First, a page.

Here’s a real power trip: make your own worlds! You’ll need a photo editor that lets you map your photo into ‘polar coordinates’.
I use Photoshop to get this fun effect, because it has a distortion filter to project the picture pixels into polar coordinates, which is called “mapping”. The ‘planet’ effect won’t work for all subjects; you need to preplan what you shoot to help yourself out.
I will typically start with shots that I stitch into a panorama, although the effect can work with a single photograph, too. Try to find a subject that has similar characteristics on both the left and right sides, such as the same height of sky and foreground.
You will be doing yourself a favor if you use manual exposure for stitched photos, so the light will balance best between the opposite sides of the final merged photo.
A really crowded planet
Let’s begin with a panorama that has roughly matching left and right sides. While I shot the original sequence, I was trying to visualize how well the opposite sides of the view would wrap around and touch each other.
Start with a balanced shot
I was careful to avoid allowing the main subject matter to extend to the top of the frame, because it will cause an ugly effect that would be difficult to blend after mapping the shot into polar coordinates.
I arranged for both the sky and the water in the shot above to be reasonably easy to blend together, making it a good candidate for the planet effect. The left and right sides of the panorama have about the same height of sky and water, and their brightness is similar, too.
Make the image into a square
Before you can convert into polar coordinates, the picture needs to be in a square format, so you need to make the image width match the image height. Make sure the “Constrain Proportions” isn’t selected.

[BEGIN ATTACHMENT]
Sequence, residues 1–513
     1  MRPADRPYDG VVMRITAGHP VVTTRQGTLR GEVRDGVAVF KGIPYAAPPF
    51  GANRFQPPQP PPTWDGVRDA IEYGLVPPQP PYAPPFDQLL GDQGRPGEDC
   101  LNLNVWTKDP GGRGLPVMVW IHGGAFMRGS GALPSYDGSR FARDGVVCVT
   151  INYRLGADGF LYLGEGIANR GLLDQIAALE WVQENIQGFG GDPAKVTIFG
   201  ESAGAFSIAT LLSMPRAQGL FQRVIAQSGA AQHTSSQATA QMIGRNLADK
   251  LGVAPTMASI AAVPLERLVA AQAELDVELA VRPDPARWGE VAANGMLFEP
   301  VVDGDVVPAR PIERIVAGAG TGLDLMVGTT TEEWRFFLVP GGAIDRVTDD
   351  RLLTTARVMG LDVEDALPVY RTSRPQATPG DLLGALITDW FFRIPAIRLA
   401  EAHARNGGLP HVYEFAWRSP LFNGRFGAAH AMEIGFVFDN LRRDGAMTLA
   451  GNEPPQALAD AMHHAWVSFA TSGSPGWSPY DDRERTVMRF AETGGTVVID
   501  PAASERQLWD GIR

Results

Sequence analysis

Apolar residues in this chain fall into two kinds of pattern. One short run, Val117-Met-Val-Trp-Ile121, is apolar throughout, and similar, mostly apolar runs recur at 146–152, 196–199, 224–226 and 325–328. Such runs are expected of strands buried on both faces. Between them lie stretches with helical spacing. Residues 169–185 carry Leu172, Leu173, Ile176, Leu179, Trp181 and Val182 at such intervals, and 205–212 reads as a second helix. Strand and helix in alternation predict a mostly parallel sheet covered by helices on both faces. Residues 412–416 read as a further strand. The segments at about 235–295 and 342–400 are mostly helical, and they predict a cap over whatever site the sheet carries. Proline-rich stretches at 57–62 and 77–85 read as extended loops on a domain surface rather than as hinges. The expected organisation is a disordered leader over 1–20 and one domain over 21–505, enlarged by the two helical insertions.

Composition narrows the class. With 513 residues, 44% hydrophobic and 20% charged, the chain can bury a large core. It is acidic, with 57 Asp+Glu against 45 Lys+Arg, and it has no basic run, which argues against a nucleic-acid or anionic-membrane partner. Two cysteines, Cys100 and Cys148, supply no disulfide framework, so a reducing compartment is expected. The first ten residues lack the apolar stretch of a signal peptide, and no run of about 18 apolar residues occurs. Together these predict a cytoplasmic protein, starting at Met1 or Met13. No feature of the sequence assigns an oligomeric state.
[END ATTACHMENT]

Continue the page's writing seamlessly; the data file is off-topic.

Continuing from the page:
Turn the image upside-down
You will also need to rotate the square image 180 degrees prior to conversion into polar coordinates. If you skipped this step, you would end up with a “tunnel” effect instead of a “planet” effect. You should try leaving the shot un-rotated sometime to see what happens; there may be subjects where a tunnel effect looks good.
Map the upside-down photo into polar coordinates
Now you can convert your picture into polar coordinates (from rectangular coordinates). Click Filter | Distort | Polar Coordinates. Make sure the image scale is small enough to preview the conversion effect (click the little “minus” button).
Smooth the seams and picture frame edges
Now, you’ll need to use the “healing brush” to get the seams and edges of the frame to blend well. There are always some edge spokes you need to tame. You might use the clone stamp here, too.
This is where the real effort takes place. It can take a fair amount of finesse to blend the seams to get the shot to look good. Pre-planning your original photos will help minimize how much time and trouble there is to blend the final picture.
Rotate 180 degrees to get right-side-up again
Now rotate the picture to get it back to the original orientation. You can of course rotate any amount and then crop the shot to your desired proportions, too. Truth be told, I did a little extra 'healing brush' work after what's shown above using Zoner Pro. I like its more sophisticated healing brush tool a bit more than the one in Photoshop. I don't think any single photo editor is the best at everything.
There you have it! Your very own planet. Go easy on this technique; a few planet shots are fun, but turning everything into a planet is a bit much.